Keyservers and the future
scc4fun at spamcop.net
Fri May 20 16:22:24 CEST 2005
> ----- Message from munged at codehelp.co.uk ---------
> Date: Fri, 20 May 2005 10:15:35 +0100
> From: Neil Williams <munged at codehelp.co.uk>
> Reply-To: Neil Williams <munged at codehelp.co.uk>
> Subject: Re: Keyservers and the future
> To: gnupg-users at gnupg.org
> Are you proposing a completely new key per domain that is "less secure" than
> the personal key because it's per domain and not per user? Who controls such
> domain keys? Is this just another "corporate" key?
> What about domains that have millions of users (like aol.com)?
> I may trust one or two individuals with AOL accounts, there is NO way I'm
> going to trust everything from AOL!
> > If email authentication was implemented, the majority of mail traffic
> > would be signed and verified.
> You're just verifying that the signature is good, not that the key is
> That's reasonable.
> How do you guarantee that From: cannot be spoofed - it sounds like you are
> delegating that to the individual ISP / domain holder. I'm concerned that the
> domain is too blunt as an instrument against spam and that it will remain
> easy to send spam from: aol.com and hotmail.com. Even if someone does
> compromise the AOL terms and conditions, users cannot ignore all email from
> that domain - it's simply too large - so I could not set the aol.com key to
> be untrusted or unwanted.
The idea is not that *you* as a user of email trust that email from an entire
domain is from a particular person or even that it is not spam. But that the
email can be verified when the receving server gets it that it really did come
from that domain claimed in the From: header. It would work at the domain level
between SMTP servers that send and receive mail between domains. The sending
server would have a key that corresponds to the domain(s) and then signs the
"primary" headers and message body and includes the signature as an additional
> This could prejudice small domains, userspace domains, unfairly. The big
> domains would trivialise the signature because you could not discriminate
> between your AOL friends and the AOL spammers. If a particular domain holder
> with lots of accounts is tardy or just inefficient in booting off people who
> abuse their terms, the user is left with a useless "validation" because the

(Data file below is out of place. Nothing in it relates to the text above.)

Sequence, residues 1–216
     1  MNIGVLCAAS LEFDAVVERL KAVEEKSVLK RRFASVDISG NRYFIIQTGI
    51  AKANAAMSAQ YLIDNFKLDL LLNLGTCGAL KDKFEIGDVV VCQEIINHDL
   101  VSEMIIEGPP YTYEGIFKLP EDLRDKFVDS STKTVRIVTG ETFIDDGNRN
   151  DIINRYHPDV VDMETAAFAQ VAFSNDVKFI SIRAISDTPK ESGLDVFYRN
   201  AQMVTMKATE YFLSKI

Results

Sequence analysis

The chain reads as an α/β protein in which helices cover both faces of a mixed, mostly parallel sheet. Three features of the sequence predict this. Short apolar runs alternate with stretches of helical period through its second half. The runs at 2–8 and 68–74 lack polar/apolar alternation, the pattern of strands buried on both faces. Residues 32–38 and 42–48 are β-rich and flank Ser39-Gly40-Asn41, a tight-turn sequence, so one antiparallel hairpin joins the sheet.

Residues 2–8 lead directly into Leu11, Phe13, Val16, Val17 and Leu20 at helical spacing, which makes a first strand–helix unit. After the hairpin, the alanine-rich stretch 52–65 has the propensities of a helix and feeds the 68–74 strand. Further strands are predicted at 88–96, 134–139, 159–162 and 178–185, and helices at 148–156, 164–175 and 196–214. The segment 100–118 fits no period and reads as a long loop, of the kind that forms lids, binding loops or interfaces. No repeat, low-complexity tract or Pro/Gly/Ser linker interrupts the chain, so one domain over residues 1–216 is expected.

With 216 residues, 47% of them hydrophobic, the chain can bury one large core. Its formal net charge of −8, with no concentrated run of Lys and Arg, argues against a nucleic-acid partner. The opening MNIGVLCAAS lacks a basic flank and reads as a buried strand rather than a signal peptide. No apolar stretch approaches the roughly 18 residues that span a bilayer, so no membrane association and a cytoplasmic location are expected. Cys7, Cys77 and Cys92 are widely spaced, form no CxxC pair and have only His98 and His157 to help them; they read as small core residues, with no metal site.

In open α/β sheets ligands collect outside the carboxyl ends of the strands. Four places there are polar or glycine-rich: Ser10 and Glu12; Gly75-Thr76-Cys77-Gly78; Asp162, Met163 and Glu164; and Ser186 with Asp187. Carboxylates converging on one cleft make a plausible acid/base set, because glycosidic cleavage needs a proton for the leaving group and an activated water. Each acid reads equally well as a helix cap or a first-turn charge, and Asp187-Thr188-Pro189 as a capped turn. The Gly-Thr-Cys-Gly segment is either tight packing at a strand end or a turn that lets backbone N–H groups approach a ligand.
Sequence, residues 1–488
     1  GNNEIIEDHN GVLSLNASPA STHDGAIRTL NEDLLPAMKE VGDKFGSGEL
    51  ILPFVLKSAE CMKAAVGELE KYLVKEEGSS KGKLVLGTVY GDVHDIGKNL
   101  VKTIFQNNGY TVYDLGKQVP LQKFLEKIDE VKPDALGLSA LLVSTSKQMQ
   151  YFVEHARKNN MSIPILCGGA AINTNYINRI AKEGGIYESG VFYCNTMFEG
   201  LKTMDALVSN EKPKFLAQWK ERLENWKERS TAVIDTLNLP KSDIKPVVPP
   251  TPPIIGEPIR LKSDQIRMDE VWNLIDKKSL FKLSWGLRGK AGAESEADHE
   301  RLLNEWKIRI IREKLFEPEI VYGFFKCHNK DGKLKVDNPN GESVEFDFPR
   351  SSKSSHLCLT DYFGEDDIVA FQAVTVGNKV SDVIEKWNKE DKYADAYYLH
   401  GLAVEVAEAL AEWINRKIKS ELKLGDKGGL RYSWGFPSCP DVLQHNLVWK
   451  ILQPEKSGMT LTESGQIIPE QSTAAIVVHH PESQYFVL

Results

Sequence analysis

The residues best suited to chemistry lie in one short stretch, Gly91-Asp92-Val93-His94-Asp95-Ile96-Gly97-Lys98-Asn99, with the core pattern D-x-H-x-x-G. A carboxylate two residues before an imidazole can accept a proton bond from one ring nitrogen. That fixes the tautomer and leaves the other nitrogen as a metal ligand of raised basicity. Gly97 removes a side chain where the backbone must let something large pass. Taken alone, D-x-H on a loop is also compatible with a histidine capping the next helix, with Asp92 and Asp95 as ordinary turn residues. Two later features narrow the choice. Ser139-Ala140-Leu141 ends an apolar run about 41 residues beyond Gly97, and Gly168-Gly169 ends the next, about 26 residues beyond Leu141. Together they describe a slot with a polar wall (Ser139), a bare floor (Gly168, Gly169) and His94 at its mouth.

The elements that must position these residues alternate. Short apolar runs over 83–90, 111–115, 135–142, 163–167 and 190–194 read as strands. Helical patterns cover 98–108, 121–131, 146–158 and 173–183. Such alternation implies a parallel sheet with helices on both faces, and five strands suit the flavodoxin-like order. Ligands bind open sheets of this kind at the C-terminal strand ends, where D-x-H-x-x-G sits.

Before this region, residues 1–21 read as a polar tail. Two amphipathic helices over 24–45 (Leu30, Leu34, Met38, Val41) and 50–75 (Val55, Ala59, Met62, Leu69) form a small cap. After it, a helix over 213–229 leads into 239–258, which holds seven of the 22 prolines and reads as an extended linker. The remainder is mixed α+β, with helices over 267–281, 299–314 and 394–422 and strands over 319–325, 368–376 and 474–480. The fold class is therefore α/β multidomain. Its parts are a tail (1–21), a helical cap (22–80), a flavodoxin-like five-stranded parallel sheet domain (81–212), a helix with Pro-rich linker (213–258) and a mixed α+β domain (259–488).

> user cannot distinguish between users at the domain.
This would not be the end-all be-all of anti-spam tools. It would just be a
method to authenticate mail as really originating from a particular domain. You
would still use other tools (eg SpamAssassin, Norton, etc.) to figure out if the
sender is a known spammer/open relay or if the content is (like) spam.
> > DomainKeys, for instance, works at the transport level. Somewhat like
> > SSH, where the client and server use one key to encrypt the datastream,
> > but a different key is used by the user to actually authenticate and log
> > in. DomainKeys does not encrypt the channel, but it only signs it (it
> > signs a subset of the message headers as well as the body of the
> > message). If a recipient domain trusts Yahoo's keys, he can assert that
> > the mail really came from the Yahoo domain. This is a per-domain
> > signature, not per-user.
> Where does the secret key reside?
The sending SMTP server?
> Who controls the signing?
The sending SMTP server?
> What happens with the existing signature?
> Are you using MIME to achieve this - what are you going to do about broken
> email clients like OE that hide the message when receiving PGP/MIME - the
> message body is displayed as an attachment.
No, it would be a header like
> What about other clients (like some webmail) that cannot yet cope with
It would use a header. Also, it would be implemented at the server level not the
> Neil Williams
> ----- End message from munged at codehelp.co.uk -----
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